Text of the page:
Climate action could add $26 trillion to world economy: study

September 5, 2018
There's still a chance to reap big financial gains from the fight against climate change

Ambitious action on climate change could contribute an extra $26 trillion to the world economy by 2030, international experts said on Wednesday, urging nations and businesses to step up their engagement.

The economic benefits offered by a shift to a low-carbon economy have been "grossly" underestimated, according to the Global Commission on the Economy and Climate, a think tank grouping former heads of government and top economic and business leaders.

"Bold action could yield a direct economic gain of $26 trillion through to 2030 compared with business-as-usual. And this is likely to be a conservative estimate," the commission's annual report found.

Dynamic action on climate could also generate "over 65 million new low-carbon jobs" by 2030 and avoid over 700,000 premature deaths due to air pollution, it said.

But policymakers were "not taking sufficiently bold action to escape the legacy economic systems," the study found, warning that the window for change was narrow.

"We are at a unique 'use it or lose it' moment. Policymakers should take their foot off the brakes and send a clear signal that the new growth is here," said the commission's co-chair Ngozi Okonjo-Iweala, Nigeria's former finance minister.

"There are real benefits to be seen in terms of new jobs, economic savings, competitiveness and market opportunities, and improved wellbeing for people worldwide."

Such growth would be driven by the interaction between rapid technological innovation, increased resource productivity and investment in sustainable infrastructure, which is expected to reach $90 trillion by 2030, it said.

Bold action needed

The shift would involve change in five key areas: the development of clean energy systems, improved urban planning, a shift towards more sustainable agriculture, smart water management and decarbonising industry.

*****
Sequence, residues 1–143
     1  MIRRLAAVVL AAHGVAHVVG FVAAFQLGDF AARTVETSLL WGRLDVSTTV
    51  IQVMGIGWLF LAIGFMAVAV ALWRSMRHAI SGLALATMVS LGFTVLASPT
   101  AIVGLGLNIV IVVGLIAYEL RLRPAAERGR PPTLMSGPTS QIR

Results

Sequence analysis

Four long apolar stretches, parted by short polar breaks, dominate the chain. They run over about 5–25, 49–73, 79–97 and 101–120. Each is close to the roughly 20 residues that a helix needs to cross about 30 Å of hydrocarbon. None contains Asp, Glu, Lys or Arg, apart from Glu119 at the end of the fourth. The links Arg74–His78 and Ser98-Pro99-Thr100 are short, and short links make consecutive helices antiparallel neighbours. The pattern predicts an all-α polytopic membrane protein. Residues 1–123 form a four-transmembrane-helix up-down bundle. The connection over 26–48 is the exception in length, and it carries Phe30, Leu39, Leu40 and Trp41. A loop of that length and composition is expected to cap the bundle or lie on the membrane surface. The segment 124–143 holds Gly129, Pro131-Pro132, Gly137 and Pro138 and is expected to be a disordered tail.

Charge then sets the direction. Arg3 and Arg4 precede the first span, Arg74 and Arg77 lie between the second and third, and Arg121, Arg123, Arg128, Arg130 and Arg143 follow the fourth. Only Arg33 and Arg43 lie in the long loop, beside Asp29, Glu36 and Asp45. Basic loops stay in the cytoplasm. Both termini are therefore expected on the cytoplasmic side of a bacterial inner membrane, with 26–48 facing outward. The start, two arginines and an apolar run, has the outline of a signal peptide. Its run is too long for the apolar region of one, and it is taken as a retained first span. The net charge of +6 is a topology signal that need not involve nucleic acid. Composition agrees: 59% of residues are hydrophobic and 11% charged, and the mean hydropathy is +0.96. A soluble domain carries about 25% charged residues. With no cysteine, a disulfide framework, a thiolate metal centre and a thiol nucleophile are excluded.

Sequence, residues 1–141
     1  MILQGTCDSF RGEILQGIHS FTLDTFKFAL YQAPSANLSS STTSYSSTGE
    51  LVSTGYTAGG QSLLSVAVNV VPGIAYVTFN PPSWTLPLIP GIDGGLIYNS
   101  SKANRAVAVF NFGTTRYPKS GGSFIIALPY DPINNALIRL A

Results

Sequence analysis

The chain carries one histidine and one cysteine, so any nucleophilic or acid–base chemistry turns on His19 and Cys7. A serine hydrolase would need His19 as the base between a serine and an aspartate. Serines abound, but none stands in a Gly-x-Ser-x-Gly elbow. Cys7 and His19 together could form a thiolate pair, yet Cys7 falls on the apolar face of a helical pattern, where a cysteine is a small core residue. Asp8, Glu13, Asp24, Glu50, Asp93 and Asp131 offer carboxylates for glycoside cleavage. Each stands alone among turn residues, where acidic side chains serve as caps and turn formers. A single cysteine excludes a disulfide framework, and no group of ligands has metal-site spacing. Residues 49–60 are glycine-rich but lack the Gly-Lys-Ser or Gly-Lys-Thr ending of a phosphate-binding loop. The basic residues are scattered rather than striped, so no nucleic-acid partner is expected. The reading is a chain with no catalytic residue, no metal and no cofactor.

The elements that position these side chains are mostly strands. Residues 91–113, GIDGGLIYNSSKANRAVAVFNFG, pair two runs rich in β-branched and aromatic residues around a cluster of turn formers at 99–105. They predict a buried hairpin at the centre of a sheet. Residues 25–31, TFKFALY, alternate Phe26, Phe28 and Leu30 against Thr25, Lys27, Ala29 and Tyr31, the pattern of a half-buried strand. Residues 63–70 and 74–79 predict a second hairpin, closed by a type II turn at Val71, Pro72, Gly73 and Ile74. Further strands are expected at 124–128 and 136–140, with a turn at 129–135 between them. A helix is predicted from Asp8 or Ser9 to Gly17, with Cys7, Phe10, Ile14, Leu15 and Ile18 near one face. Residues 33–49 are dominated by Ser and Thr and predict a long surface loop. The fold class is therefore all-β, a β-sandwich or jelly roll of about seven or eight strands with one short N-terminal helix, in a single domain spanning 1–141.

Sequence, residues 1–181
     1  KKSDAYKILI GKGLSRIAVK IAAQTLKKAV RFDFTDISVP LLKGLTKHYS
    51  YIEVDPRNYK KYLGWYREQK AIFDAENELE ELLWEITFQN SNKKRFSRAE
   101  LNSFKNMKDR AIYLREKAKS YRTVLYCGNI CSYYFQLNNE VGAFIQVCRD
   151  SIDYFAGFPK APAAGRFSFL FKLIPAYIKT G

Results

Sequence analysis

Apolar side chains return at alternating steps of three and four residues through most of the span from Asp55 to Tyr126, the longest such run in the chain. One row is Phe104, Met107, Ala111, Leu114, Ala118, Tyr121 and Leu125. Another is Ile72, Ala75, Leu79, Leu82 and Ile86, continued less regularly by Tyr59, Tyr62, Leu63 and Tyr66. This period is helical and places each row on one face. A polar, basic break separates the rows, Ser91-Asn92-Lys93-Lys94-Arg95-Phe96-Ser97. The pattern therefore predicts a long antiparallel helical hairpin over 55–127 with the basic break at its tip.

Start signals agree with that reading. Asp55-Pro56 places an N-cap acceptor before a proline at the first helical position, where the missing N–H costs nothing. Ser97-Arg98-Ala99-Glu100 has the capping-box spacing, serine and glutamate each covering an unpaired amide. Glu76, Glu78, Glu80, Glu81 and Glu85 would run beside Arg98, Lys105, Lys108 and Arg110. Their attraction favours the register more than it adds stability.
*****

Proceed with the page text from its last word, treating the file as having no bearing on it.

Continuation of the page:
"Seizing the of low-carbon and resilient growth will only be possible if we act boldly over the next two to three years," it said, flagging it as a "critical window" when many of policy and investment decisions will be taken which will shape the coming decade and beyond.

Urging economic decision-makers to move beyond generic proposals or statements, it called on governments to put a price on carbon of at least $40-80 by 2020, and to move towards mandatory climate risk disclosure for major investors and companies.

It also pushed for a much greater emphasis on investment in sustainable infrastructure, with better-designed cities, buildings, transport, energy and water systems as well as investment in forests and wetlands that purify water and offer valuable flood control.

To this end, development bodies and banks should double their collective in infrastructure, aiming to invest at least $100 billion per year by 2020, it said.

Explore further: Three reasons companies are being proactive about climate change

Related Stories

Study urges 15-year plan for low-carbon growth

September 16, 2014

The world can save both financial and environmental costs by shifting toward a low-carbon economy over the next 15 years, a high-level panel said Tuesday ahead of a UN summit.

ADB says Asia needs to double infrastructure spending

February 28, 2017

Developing countries in Asia and the Pacific will need to spend up to $1.7 trillion a year, or $26 trillion through 2030, to meet their infrastructure needs and to maintain the region's growth momentum, the Asian Development ...

Recommended for you

0 comments

Please sign in to add a comment. Registration is free, and takes less than a minute. Read more

Click here to reset your password.
Sign in to get notified via email when new comments are made.